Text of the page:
Benefits of using a linter in JavaScript

Benefits of using a linter in JavaScript

We can say that JavaScript is a “conflictive” language. It’s true that other languages also allow the developers to write some ugly code, but JavaScript is super permissive regarding coding style.

The thing is worse when you are working in a team, basically because everyone can have a different style. It can lead to conflicts and an even uglier code.

A good solution for this is to use a linter. A tool that will take you (and all the team) in the right way while writing code and help you to maintain the same coding style all along the project. I’ve been using ESLint for a while, so let’s take a look at some key points that I’ve noticed.


Consistent coding style for the project

These days a lot of people use Visual Studio Code for JavaScript. A few of them prefer to switch between IDEs depending on what they are going to code; if you need to write some Java or Python code, you might prefer something more specific.

If you don’t configure your IDEs properly, you’ll have indentation issues that will lead to a misaligned and hard-to-read code, that’s annoying, but is just the tip of the iceberg.

In those first stages where your project is doubling its code base every day, you’ll surely try different patterns, styles to declare variables, classes, functions, etc. That will basically impact the collaboration in the future since it might be hard to start coding in a project with mixed styles.

ESLint is great to avoid that, you can define a style for your project and combine them with some custom rules. This will make sure that everyone on the team is following the same convention. I personally prefer the Airbnb stylebut you can use whatever you like the more.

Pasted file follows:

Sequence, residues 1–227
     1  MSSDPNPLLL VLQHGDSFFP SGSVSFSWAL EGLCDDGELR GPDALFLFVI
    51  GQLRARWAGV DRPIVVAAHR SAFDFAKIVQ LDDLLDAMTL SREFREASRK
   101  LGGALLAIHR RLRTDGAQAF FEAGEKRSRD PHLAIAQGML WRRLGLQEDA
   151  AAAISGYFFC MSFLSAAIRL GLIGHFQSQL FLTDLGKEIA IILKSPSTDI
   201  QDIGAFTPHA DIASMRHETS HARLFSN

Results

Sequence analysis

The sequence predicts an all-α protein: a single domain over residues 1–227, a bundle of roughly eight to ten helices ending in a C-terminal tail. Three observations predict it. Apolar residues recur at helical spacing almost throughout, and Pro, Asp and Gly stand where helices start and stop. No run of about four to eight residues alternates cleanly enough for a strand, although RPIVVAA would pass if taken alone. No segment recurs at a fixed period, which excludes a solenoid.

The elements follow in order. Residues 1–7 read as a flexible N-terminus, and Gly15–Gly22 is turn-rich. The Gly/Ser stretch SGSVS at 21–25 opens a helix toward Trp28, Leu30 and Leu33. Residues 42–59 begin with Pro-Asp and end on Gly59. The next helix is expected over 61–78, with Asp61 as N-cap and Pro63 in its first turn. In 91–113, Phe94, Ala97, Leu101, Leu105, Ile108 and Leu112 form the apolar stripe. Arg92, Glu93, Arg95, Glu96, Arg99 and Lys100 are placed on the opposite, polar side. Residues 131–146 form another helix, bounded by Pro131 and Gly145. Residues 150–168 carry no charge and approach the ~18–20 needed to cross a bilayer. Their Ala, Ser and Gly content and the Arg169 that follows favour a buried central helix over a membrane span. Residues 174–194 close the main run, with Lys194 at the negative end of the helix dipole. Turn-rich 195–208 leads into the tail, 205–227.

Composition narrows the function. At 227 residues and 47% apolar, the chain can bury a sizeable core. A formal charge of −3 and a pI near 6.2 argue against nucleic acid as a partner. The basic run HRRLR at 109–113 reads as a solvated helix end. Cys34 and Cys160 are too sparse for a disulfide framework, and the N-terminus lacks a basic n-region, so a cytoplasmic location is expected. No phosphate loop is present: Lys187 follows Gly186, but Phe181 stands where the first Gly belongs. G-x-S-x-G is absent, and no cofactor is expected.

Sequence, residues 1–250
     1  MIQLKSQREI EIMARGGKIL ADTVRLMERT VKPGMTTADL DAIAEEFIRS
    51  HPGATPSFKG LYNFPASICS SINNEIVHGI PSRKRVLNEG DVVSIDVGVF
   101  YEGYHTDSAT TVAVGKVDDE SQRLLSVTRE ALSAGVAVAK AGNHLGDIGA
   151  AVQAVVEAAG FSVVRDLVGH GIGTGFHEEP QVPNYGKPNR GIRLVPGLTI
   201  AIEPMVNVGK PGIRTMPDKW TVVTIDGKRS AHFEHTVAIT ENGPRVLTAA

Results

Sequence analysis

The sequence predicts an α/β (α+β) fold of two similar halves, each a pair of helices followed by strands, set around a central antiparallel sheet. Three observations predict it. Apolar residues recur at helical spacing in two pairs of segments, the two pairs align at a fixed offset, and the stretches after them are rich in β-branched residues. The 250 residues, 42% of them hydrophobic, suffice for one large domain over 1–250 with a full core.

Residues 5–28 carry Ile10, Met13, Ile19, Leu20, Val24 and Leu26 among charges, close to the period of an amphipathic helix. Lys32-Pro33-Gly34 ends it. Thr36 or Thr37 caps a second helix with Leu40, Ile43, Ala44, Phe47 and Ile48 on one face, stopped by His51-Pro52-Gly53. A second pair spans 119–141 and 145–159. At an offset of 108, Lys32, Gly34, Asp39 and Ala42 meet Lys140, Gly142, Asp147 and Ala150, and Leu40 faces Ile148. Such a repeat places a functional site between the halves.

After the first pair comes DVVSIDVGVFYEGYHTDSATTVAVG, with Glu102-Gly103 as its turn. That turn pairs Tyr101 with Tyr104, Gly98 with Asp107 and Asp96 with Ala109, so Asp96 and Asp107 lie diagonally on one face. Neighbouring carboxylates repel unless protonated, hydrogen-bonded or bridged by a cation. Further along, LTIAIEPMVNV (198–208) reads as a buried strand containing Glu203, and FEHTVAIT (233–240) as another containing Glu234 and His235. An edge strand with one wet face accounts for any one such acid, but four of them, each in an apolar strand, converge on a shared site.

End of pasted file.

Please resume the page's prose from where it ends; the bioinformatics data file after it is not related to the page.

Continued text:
Avoid bad practices

By using a linter, you’ll get a lot of good practices in addition. Some of the default rules may sound ridiculous in the beginning, but I promise you that if you put a bit of effort, you’ll understand that there is a reason behind them.

Default rules like disallow params reassignment, disallow reassigning exceptions or disallow variable or function declarations in nested blocks may be natural and reasonable for some people but are not for others.

Just take some time to read about the rules and decide if it’s ok for your project. Maybe your project depends on some of those bad practices and you simply have to continue living with them.


Reduce merge conflicts

As time runs, your code will become cleaner and more consistent. In my experience, some subtle changes like adding a comma at the end of an array item, have saved me from merge conflicts.

Also, with the help of a linter, the code will be easier to read, since most of the bad practices tend to complicate the code.

I hope these points are good enough to encourage you to use a linter and improve your code. If you have any experience working this way or you’d like to try it out, please comment in the box below.

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